Archive for December, 2012

SACROSANCT

December 21, 2012

Sacrosanct

Christmas cards arrived one after the other bearing pictures of children. With each card, I teared up at the images of those precious children in my life – grand nieces and nephews, and the children of friends. I can’t imagine anything short of a long and complete life for any of them.

It’s been weeks since Newtown, CT became our sister city and the entire world adopted Sandy Hook Elementary’s children. Children – our most sacrosanct priority. We hold them dearly. We protect them with nurturing and laws, starting with our Constitution. It contains 27 Amendments that are sacrosanct, except not all of them are. Some are open to reason for the good of us all.

Take the First Amendment. It allows us to make whatever movie we want, write any song lyric, make and sell and play virtually any conceivable video game, or view pornography if we choose. But wait, we do have restrictions even on Amendment One: We can’t yell “fire” in a crowded theater, or threaten the life of a public servant, or give or receive child pornography. And all for good reason.

So what makes the 2nd Amendment (that one broad-stroke sentence) totally, unequivocally sacrosanct to some? Why is there no room for reasonable restrictions within this law when there is room within others? There is nothing in that lone sentence to suggest that limiting the lethality and speed of a weapon, or requiring some information about its seller and owner, will infringe upon the right guaranteed therein.

Having friends on both sides of the “gun control” debate, I hear intelligent reasonable arguments from both sides. A friend in suburban Connecticut posted his priority of life over unrestricted gun ownership. A former high school classmate commented on gun ownership, responsibility, and the types of environments where citizens carry guns, as he does in rural Tennessee. Yet, these two intelligent, reasonable people from entirely contrasting environments are able to discuss the issue civilly and believe we can get to what is reasonable. Why we struggle to reach a consensus when it comes to our children’s safety, and our rights, is uncivil to them and to me. No guns, period; or, more bigger, badder guns are not reasonable answers. Arming the entire USA may make a good western movie but not a safer culture. Stripping away our right to bear arms may make us vulnerable. Somewhere in between is the answer to this one factor in gun violence, of which there are many.

What about armed guards? At Columbine, two experienced former police officers described the scene: “There was an unknown inside a school. We didn’t know who the ‘bad guy’ was but soon realized the sophistication of their weapons. These were big bombs. Big guns. We didn’t have a clue who ‘they’ were.” The guards wisely avoided a shootout. And what about firepower? Jesse Clear, who supplies ballistic rubber media to firing ranges (which safely encapsulate the fired projectile and its byproducts — lead dust, ricochet shrapnel, back-splatter), wrote on Fredericksburg Patch, “Neither style weapon — nor its accoutrements (30-50-round magazines, 100-round drums, unjacketed or hollow-point bullets, stockpiled ammunition) have any business in the hands of civilians. If one wants to outfit themselves with such an arsenal, I suggest they join a WELL-REGULATED Militia — as detailed in the 2nd Amendment — Marine Corps, Army infantry, Seals, Delta Force, Virginia National Guard, or any big-city police SWAT team.”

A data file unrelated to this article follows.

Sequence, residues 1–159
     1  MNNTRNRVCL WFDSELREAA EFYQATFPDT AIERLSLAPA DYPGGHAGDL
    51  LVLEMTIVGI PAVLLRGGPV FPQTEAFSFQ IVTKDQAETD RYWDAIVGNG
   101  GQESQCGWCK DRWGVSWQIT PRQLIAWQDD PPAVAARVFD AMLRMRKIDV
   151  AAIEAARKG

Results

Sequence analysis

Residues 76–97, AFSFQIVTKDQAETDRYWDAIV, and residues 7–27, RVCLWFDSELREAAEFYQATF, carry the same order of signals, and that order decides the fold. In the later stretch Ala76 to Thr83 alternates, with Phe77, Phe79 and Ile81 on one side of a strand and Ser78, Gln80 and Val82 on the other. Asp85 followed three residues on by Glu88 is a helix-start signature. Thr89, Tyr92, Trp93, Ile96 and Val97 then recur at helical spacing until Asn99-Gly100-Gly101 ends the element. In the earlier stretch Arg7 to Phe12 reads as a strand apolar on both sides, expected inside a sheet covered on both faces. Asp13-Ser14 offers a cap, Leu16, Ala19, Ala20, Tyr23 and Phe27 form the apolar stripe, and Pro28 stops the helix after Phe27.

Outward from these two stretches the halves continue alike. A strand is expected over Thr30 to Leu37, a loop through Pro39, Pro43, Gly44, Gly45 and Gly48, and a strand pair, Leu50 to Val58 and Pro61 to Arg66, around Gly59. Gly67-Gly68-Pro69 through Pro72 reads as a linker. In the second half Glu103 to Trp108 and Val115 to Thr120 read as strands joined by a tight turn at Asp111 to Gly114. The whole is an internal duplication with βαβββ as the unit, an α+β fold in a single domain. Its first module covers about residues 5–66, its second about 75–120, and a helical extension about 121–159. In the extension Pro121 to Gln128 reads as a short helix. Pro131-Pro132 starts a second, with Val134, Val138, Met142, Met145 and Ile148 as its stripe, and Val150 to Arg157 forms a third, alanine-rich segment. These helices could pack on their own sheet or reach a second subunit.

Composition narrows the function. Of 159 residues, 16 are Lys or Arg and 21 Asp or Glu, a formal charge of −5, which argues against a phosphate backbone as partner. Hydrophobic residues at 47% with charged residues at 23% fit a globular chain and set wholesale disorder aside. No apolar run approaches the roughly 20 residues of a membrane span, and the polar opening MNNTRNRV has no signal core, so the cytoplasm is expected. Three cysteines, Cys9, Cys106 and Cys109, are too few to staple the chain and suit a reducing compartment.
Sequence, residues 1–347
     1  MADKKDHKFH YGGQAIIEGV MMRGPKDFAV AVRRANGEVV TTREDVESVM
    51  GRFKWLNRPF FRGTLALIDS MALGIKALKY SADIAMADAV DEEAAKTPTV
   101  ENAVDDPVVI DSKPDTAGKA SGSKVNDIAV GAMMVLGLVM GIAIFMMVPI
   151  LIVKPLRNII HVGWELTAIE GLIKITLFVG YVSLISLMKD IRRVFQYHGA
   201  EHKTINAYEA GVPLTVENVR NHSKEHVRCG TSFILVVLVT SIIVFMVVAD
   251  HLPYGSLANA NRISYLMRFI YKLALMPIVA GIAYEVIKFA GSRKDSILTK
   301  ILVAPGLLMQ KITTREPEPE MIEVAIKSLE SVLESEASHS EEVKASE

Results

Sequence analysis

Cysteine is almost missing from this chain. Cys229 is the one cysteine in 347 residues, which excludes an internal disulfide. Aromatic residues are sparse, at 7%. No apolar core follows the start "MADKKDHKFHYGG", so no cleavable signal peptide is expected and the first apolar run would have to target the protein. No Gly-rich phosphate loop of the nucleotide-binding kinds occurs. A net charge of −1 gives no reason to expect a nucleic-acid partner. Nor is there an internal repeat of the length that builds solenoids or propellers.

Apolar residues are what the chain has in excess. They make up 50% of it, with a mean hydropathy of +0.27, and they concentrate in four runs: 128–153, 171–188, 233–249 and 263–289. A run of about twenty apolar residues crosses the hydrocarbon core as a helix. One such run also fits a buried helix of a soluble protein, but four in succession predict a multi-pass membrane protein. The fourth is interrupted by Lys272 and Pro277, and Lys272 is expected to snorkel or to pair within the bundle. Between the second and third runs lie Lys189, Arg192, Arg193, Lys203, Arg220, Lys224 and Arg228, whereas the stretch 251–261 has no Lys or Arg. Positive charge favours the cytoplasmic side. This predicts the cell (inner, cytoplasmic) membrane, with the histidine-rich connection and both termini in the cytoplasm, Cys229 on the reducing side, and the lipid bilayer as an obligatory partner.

Other answers do exist, some simple, some complex. As for schools, sophisticated entry systems that protect buildings from invasion (visit schoolsafetysystems.com) are economically feasible. We just need a polled consensus to mandate our elected officials, not wait for them to move off square one. We need to make public safety sacrosanct. After all, when you tuck your child into bed, read her a story, or lead him in prayer, the only thing that truly matters is their peace. Everything else is open to reason.

As the Preamble to our Constitution says, “We the People of the United States, in Order to form a more perfect Union, establish Justice, insure domestic Tranquility, provide for the common defense, promote the general Welfare, and secure the Blessings of Liberty to ourselves and our Posterity, do ordain and establish this Constitution for the United States of America.” Wise words from wise and reasonable men in 1787. Here’s to a wise and reasonable 2013.

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